The Duhks has been a labour of love for over 14 years. Doc Watson, no less, said, “Oh God, it is so beautiful, some of the finest music I’ve heard in many a day.”

 

The band has evolved over the years, losing and adding members as bands do. What has never changed is the absolute dedication to producing music that is true, focused and as enthusiastic as a 10 year old making pancakes for the guests.

 

Claire Lynch and the Duhks are just two of the over 40 acts that will be playing the Summerfolk Music and Crafts festival this year. The festival happens August 20, 21, 22, 23 at Kelso beach in Owen Sound, just like it has for 40 years. You can find information about the festival at www.summerfolk.org

 

*This article first appeared in the Owen Sound Sun Times on June 19th, 2015

Thanks to Karen Kuczeryk-Uyede for the photo

In the Spirit of Camping

If we were going to explain the spirit of Summerfolk in one sentence it would look something like this: “People gathering outside to share music and art”.  Visitors find folks doing just that at every one of the seven stages on the festival site, along the paths in the artisan village, and in the campgrounds beside the festival. You find it again just to the north when volunteers transform a soccer field into a friendly village of tents and trailers where flashlights and torches cast shadows on old and new friends telling stories and sharing songs.  Across the road at the municipal Kelso Beach Campground, festival goers arrange tarps, tents, and trailers into homes away from home complete with sing-a-longs and decades’ worth of Summerfolk stories.

The spirit of Summerfolk follows the people, moving east to the festival grounds in the day and back to the Kelso Beach Campground when the stages shut down. Musicians and music lovers flock like moths, drawn by the light of bonfires and familiar choruses. Generations of festival goers teach each other songs, pass drinks in thanks, and share stories about their favourite performances from the day.  Strangers have been known to pass instruments freely, trade solo’s spontaneously, and send multi-part harmonies drifting up with the smoke towards the stars. There are few places in the world where people who don’t yet know one another’s names can jam and laugh so freely. Sometimes festival performers even drift over with guitars, double basses, and noisemakers from around the world. After all, they’re musicians because they love the music. It’s all part of the spirit that has brought people back to Summerfolk for four decades.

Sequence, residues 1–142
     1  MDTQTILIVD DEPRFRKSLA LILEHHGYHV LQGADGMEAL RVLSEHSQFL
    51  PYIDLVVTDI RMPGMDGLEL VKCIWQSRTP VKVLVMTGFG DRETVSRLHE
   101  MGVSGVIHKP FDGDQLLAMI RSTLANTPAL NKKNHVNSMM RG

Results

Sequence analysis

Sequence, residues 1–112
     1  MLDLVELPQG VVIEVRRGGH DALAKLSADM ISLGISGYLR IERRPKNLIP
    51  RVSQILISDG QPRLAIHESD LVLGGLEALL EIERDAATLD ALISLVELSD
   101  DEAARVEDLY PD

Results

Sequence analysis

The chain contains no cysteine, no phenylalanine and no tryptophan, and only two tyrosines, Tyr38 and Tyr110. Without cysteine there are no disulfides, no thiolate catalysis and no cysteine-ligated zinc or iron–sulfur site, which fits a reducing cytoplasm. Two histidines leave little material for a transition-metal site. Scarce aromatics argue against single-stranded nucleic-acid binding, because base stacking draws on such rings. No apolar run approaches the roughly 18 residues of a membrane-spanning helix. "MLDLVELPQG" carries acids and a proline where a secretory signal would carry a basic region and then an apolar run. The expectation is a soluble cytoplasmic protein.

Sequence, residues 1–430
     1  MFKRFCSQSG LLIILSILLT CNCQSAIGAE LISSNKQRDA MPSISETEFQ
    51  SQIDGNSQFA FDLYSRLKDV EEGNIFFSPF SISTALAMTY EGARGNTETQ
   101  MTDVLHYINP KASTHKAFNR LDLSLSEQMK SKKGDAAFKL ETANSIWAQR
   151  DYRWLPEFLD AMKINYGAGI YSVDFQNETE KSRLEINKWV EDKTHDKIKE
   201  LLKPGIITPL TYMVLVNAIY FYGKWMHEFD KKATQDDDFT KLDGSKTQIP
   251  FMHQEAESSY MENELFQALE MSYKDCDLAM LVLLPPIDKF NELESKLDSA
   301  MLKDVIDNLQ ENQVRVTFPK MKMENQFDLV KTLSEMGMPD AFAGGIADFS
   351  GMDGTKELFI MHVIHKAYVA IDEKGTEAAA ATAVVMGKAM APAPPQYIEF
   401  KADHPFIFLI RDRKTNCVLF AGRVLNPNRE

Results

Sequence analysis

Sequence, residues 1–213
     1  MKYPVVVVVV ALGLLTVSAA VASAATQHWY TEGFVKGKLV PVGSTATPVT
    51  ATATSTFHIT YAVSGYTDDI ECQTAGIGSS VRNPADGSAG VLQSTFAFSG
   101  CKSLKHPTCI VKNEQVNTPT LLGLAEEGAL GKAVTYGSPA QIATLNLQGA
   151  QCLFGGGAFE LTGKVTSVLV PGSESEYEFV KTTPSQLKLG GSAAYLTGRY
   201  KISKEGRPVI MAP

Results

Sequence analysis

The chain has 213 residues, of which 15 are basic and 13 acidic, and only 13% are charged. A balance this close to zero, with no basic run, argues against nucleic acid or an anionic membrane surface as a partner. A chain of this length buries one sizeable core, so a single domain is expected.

We’re expecting a big crowd for Summerfolk 40 and the City of Owen Sound made 40 additional campsites available at Kelso Beach so that even more campers can share the spirit. If you don’t manage to secure a spot at Kelso Beach, don’t worry. There are other campgrounds in the area. The Harrison Park Campground is only four kilometres to the south (that’s a 7 minute drive or  – if you’re not in a rush and prefer to cycle – a 14 minute ride on your bike. Private camping is also available in the surrounding area at Whispering Pines and the local KOA campground (both good options for motor-homes and trailers).

Thanks to Karen Kuczeryk-Uyede for the photo

Photo Credit: Karen Kuczeryk-Uyede

 

 

General Information 2015

GATES OPEN:

Thursday ~ 7pm – music from 8 – 11pm

Friday ~ 4:30 pm – music from 6pm – 1 am

Saturday ~ 10:30 am – music from 11:00am – 1:00 am

Sunday ~ 10:00 am – music from 10:30 am – 11:00 pm

 

TICKETS:   Tickets are non-refundable. The festival goes on rain or shine.  Tickets can be purchased in advance through Ticketpro by calling 1-888-655-9090 or online at www.summerfolk.org or by contacting the GBFS office in person or by calling 519-371-2995.  The on-site ticket booth will open starting at 7:00 pm on the Thursday and at 4:30pm on the Friday of the festival.

Tickets for evening concerts Friday, Saturday, and Sunday go on sale at 8:00 pm on the evening of the concert; only if there is space available.  There are no advance sales on evening concert tickets.